Because these and other factors

affect the residue left on your fields,

it’s always best to measure residue

after each tillage pass to see what

your equipment and management

are leaving.

Start in fall

The goal of residue management is to leave a protective

layer of crop residue on the field after

planting. But residue management really starts at

harvest. Remember that natural weathering during

winter reduces the amount of residue left on the

field in spring. Every tillage pass in fall and spring

buries some residue and further reduces the protective

cover on the field.

Corn stalk residue is relatively heavy and provides

excellent over-winter cover if left with limited

tillage in fall. (Many farmers chop stalks before fall

chisel plowing. Chopping reduces plugging, but

can significantly reduce residue levels.) Fragile

soybean residues call for extra care. Small, fine

pieces of soybean residue blow away easily and

decompose rapidly. Experience shows that it’s best

not to disturb soybean residues at all after harvest.

Spreading residue evenly across a field is almost

as important as the amount of residue left. Use a

spreader on the

combine that distributes

residue evenly.

Attachments are

available that distribute

the fine chaff

that would otherwise

fall in a narrow

band and spread it

across the width of

the combine.

Residue Management Choices


Measuring residue

The residue left on your fields will depend on

the weather, crop yields, how deep and fast you

operate equipment, and many other factors. So,

the best way to know how much residue you’re

leaving is to measure the residue after planting.

A simple and accurate method for measuring

residue uses a tape measure or any line divided

into either 50 or 100 equal parts. For example,

take a 100-foot cord and mark it every one foot.

Take three to five measurements in different

parts of the field and take the average percentage

to get a good estimate of residue cover for the

entire field.

1. Stretch the line

Place it diagonally across the crop rows.

2. Walk and count

As you walk along the line, look down directly

from above and count the number of marks that

have residue beneath them. Walk the entire

length of the line.

3. Total the results

The total number of marks with residue under

them is the percent cover for the field. If your

line has only 50 marks, multiply the number by

two.

5

Residue Management Choices


6

How much residue

am I leaving?

A great deal of research has been done on tillage

and planting equipment and the amount of residue

they leave on the surface after a single pass. The

table at right summarizes this research, and is the

basis for the tillage/planting estimates shown on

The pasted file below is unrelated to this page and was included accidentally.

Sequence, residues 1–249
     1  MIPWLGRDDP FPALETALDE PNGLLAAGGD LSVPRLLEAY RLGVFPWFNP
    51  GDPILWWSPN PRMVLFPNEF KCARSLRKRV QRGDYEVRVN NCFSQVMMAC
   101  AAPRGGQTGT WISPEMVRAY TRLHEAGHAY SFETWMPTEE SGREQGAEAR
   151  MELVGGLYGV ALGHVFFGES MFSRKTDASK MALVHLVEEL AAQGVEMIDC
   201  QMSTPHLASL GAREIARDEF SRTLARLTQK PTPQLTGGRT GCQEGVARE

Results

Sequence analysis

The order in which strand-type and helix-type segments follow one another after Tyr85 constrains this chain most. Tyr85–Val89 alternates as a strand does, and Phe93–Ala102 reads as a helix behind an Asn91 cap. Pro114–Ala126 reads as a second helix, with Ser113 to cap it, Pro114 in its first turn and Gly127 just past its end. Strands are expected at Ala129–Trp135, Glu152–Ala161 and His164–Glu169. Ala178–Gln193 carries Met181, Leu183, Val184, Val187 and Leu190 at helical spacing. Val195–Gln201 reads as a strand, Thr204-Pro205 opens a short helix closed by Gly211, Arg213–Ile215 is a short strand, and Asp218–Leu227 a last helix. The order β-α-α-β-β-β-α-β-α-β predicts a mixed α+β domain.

the following pages.

Each of the examples shows a common sequence

for tillage and planting, and also shows the average

low and high residue to expect after harvesting,

winter weathering, tillage and planting. For example,

a common tillage sequence for corn is:

HARVEST

WINTER

disk chisel

straight points

tandem disk

(finishing)

How we calculated residue levels

plant-double

disk opener

Using the numbers in the table on the right, we estimated the

average high and low for residue left after planting. For example,

in this corn sequence:

low residue expected:

You needn’t do the multiplication for the options

shown on the following pages – the results are

already calculated.

The following pages show estimated residues for

typical tillage/planting sequences. If you don’t

find a sequence that exactly matches your tillage

and planting operations, you can develop an

estimate that does. Just look up the numbers for

each operation you use, along with the “winter”

and “harvest” numbers, and multiply them out as

shown in the example above.

While these tables give a fair estimate of

residue left after a year’s typical tillage

and planting operations, remember that

measuring residue in your fields is the most

accurate method.

10% %

36%

(using numbers from the table)

low: .75 x .80 x .50 x .40 x .85 = 10%

HARVEST

WINTER

high residue expected:

disk chisel

straight points

tandem disk

(finishing)

plant-double

disk opener

10% %

36%

high: .95 x .95 x .60 x .70 x .95 = 36%

Estimated residue left after harvest, winter, and

different tillage/planting operations

% residue left

Corn/Small Grain Soybeans

Harvest/Winter

After harvest 75-95% 65-90%

After winter weathering 80-95 70-80

Machine or operation

low to high

low to high

Moldboard plow 0-10 0-5

Paraplow/paratill 80-90 75-85

V-ripper/subsoiler 70-90 60-70

Chisel plows with:

Sweeps 70-85 50-60

Straight points 60-80 40-60

Twisted points 50-70 30-40

Coulter chisel plow with:

Sweeps 60-80 40-50

Straight points 50-70 30-40

Twisted points 40-60 20-30

Disk chisel plows with:

Sweeps 50-70 30-50